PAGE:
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Incognito: an overview and critique

Incognito: an overview and critique

Neuroscientist David Eagleman begins his third book, Incognito: the secret lives of the brain, in panoramic Sagan-esque style, immediately striking a resonant harmony between lucidity and enthusiasm for the significance of his topic. The thesis? Human consciousness emerges from the physical attributes and activities of the brain, but is only a small part of the brain’s business; what else the brain is up to is normally inaccessible and mysterious, but our science, Eagleman asserts, is now uncovering its secrets. Continue reading

Briefs

  • Neglect is “a deficit in attention and awareness of one side of space”, usually the left side, contralateral to right-hemisphere damage (Wikipedia). It is caused by a problem in the brain, usually a lesion or damage from stroke, rather than a problem of sensation. That is, the eyes work fine, but the brain, because of physical damage to some critical area, fails to incorporate all the spatial and object information available into the model accessible by attention and conscious awareness. Put even more simply, some people with just the right kind of brain damage are unaware of ½ of the visual information being collected by their eyes.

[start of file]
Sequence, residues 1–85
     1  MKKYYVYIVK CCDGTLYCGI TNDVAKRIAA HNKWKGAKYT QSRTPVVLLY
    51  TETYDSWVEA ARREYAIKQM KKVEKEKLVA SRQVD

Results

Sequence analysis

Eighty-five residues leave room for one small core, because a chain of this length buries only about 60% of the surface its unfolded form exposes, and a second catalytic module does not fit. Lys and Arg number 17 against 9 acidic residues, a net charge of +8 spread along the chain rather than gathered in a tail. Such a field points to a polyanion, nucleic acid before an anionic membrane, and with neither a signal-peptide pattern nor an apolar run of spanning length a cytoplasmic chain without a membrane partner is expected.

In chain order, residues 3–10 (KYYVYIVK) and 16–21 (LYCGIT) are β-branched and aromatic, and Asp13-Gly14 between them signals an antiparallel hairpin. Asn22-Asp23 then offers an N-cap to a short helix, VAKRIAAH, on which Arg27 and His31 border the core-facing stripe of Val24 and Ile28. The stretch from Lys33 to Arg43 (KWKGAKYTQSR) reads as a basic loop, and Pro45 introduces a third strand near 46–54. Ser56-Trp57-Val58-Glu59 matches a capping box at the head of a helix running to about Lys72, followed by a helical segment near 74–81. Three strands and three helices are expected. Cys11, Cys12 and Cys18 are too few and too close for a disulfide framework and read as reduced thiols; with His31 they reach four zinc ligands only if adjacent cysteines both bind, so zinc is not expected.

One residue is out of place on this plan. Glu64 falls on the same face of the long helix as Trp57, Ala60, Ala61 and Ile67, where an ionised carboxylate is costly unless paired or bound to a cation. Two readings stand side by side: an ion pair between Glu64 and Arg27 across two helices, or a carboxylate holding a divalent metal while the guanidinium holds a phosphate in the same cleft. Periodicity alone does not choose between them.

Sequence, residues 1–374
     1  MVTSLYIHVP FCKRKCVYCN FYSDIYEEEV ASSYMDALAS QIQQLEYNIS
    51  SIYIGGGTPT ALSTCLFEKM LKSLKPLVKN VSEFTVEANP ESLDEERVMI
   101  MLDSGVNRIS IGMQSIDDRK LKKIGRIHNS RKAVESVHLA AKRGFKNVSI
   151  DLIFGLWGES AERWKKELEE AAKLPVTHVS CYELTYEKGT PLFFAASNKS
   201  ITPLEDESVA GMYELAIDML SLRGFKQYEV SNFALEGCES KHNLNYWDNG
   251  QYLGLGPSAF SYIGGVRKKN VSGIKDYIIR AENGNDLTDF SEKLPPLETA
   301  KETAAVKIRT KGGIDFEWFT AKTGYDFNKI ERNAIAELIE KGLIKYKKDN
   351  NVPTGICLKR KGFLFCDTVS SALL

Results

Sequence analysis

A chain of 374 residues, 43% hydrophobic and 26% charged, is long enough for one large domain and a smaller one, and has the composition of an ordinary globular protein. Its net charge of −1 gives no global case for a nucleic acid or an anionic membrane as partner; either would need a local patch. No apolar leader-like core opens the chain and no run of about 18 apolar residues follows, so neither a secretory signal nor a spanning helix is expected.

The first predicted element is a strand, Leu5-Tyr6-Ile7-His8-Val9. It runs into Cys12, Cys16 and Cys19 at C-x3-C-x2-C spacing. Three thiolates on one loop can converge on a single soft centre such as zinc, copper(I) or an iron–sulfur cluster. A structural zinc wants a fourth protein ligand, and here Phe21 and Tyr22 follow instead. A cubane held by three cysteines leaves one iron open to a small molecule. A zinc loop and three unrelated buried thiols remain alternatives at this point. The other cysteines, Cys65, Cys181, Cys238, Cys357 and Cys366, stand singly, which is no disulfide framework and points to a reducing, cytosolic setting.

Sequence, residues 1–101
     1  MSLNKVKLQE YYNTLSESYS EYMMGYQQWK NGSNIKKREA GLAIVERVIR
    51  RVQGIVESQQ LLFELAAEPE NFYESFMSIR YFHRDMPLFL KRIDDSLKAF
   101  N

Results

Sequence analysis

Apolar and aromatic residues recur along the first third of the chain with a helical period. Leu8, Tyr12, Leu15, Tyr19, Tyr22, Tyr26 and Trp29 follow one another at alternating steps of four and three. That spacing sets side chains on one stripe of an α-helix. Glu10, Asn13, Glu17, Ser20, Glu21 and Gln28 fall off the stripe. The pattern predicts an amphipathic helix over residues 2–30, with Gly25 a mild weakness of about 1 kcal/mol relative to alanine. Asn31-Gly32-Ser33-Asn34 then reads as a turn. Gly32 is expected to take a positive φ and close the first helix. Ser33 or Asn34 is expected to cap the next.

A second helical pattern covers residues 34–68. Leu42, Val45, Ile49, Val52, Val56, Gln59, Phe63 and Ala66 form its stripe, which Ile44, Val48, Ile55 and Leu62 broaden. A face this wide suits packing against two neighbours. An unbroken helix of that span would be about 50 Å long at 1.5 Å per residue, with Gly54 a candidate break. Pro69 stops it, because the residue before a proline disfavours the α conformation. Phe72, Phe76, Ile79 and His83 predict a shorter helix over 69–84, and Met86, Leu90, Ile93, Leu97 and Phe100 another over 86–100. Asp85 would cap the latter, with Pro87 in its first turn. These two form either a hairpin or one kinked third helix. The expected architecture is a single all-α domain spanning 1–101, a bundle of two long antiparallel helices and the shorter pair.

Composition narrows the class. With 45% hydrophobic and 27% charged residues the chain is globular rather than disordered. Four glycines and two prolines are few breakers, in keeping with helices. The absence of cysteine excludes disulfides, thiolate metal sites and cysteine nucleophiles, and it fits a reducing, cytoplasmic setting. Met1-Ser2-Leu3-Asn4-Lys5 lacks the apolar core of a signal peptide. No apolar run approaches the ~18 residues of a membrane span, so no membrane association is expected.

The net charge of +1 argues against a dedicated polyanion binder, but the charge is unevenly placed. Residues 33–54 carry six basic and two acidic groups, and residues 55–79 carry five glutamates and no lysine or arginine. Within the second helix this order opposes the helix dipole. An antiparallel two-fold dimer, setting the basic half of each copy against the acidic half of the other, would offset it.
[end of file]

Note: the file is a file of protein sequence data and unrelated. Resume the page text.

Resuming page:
About S. Lee Ware

Welcome to my personal real-time repository of miscellanies encountered along the long path through medical training and beyond. I'm preoccupied with (and write about) topics across the breadth of the basic and clinical vision- and neurosciences, health systems development and care delivery, and the moral imperatives and organizing principles of appropriate, humane, sustainable, universal healthcare. Professionally, I'm progressing toward a career at the convergence of eye surgery and global health. All my work, unless otherwise labeled, is licensed under a Creative Commons Attribution-NonCommercial-ShareAlike 3.0 Unported License.

The Meme Index: Lee on Twitter

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